A history of the elite U.S. Army special operations unit known as The Activity describes their organization after the failed hostage rescue attempt in 1980 and their clandestine missions, from the assassinations of key al Qa'eda members to the capture of Saddam Hussein. By the author of The Emperor's Code. Reprint. 50,000 first printing.
This powerful work makes a compelling case that U.S. forces secretly condoned and assisted the implementation of Operation Condor, a covert Latin American military network created during the Cold War to facilitate the seizure and murder of political opponents across state borders. Drawing on a wealth of primary sources, J. Patrice McSherry provides a hidden history of the Cold War through her analysis of the intelligence networks, security structures, coordinated operations, and international connections of Condor. Revealing new details of Condor operations and fresh evidence of links to the U.S. security establishment, this controversial work offers an original analysis of the use of secret, parallel armies in Western counterinsurgency strategies. It will be a clarion call to all readers to consider the long-term consequences of clandestine operations in the name of 'democracy.'
This book tells the story of the tragic and often tormented relationship between the United States and Pakistan. Pakistan's internal troubles have already threatened U.S. security and international peace, and Pakistan's rapidly growing population, nuclear arsenal, and relationships with China and India will continue to force it upon America's geostrategic map in new and important ways over the coming decades. This book explores the main trends in Pakistani society that will help determine its future; traces the wellsprings of Pakistani anti-American sentiment through the history of U.S.-Pakistan relations from 1947 to 2001; assesses how Washington made and implemented policies regarding Pakistan since the terrorist attacks on the United States on September 11, 2001; and analyzes how regional dynamics, especially the rise of China, will likely shape U.S.-Pakistan relations. It concludes with three options for future U.S. strategy, described as defensive insulation, military-first cooperation, and comprehensive cooperation. The book explains how Washington can prepare for the worst, aim for the best, and avoid past mistakes.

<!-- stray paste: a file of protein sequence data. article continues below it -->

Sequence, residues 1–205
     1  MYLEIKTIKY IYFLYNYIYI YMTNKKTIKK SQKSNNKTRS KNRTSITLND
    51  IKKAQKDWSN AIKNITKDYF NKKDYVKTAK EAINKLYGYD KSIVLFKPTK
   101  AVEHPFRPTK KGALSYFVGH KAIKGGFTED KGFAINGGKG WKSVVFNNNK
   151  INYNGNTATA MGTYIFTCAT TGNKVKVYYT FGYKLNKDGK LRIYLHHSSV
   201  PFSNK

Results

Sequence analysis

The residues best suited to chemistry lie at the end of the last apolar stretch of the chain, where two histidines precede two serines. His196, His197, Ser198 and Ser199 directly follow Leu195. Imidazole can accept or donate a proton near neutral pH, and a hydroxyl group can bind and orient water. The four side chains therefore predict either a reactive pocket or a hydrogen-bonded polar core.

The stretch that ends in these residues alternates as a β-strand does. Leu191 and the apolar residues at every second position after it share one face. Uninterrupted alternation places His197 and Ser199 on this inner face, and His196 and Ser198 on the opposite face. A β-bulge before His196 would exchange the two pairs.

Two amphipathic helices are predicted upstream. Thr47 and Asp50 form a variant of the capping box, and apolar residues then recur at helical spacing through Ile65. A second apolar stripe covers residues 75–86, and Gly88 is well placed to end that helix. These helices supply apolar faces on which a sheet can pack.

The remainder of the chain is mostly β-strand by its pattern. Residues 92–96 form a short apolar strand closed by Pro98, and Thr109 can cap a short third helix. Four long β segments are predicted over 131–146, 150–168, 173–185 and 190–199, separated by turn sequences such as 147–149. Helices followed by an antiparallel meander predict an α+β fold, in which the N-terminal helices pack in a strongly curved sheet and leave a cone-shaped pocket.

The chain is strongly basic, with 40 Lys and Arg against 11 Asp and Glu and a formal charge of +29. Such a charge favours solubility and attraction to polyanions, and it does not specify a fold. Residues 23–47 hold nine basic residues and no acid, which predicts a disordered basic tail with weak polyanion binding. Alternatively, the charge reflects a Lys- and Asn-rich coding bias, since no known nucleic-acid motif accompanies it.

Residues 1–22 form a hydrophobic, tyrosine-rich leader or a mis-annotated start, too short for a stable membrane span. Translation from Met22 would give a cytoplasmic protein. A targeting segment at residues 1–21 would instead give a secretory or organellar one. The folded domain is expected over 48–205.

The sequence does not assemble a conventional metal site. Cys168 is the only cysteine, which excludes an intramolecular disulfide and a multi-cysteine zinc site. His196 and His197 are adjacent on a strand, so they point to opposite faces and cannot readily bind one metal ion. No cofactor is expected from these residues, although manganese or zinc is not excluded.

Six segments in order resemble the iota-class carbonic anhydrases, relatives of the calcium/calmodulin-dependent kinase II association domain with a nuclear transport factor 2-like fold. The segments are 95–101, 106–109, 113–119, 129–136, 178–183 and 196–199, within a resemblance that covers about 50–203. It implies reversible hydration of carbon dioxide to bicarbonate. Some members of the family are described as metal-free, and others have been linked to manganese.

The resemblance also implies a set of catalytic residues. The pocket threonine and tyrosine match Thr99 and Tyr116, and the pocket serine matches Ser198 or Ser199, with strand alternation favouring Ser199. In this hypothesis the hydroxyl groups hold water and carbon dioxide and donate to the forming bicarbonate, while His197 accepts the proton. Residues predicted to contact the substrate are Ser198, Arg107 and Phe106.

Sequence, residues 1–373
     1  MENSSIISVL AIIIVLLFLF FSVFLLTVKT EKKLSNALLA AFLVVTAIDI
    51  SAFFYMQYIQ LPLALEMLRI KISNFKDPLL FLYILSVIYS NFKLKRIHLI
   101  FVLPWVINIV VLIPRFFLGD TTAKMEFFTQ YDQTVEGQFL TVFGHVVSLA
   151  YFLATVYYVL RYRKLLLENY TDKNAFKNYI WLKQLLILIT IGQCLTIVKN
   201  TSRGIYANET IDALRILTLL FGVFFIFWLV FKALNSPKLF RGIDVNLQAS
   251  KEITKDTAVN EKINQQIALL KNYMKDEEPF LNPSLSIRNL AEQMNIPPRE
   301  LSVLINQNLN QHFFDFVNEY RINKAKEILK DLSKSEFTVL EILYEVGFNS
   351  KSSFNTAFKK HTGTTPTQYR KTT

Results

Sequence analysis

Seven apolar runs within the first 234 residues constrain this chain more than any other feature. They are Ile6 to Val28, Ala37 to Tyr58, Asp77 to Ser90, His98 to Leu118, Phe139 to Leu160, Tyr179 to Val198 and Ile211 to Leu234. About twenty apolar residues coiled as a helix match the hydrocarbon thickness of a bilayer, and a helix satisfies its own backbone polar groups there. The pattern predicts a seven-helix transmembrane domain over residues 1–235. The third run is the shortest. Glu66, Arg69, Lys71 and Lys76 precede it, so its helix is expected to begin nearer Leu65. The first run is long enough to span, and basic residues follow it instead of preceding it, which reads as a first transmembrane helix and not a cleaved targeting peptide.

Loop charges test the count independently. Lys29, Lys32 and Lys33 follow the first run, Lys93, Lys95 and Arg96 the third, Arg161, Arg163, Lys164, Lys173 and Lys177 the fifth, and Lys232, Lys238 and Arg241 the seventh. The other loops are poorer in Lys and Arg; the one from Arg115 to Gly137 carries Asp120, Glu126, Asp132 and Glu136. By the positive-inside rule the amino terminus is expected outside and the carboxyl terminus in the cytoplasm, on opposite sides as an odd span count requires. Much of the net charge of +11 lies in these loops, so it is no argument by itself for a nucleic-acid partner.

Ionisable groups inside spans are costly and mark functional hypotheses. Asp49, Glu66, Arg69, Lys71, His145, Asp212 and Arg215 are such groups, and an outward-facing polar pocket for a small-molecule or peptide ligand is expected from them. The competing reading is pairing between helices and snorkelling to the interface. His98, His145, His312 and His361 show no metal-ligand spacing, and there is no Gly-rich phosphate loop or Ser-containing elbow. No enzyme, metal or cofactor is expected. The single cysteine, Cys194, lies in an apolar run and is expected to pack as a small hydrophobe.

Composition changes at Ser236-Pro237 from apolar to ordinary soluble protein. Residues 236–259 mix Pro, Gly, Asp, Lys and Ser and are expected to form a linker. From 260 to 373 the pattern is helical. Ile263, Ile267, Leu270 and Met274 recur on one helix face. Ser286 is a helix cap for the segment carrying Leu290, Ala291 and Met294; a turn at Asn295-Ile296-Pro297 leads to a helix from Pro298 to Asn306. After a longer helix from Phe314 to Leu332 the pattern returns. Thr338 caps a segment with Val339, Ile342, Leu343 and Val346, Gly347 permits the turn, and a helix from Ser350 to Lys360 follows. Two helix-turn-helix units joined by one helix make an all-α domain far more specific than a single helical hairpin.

The director of the American-Afghan war describes how he orchestrated the defeat of the Taliban in the region by forging separate alliances with warlords, Taliban dissidents, and the Pakistani intelligence service.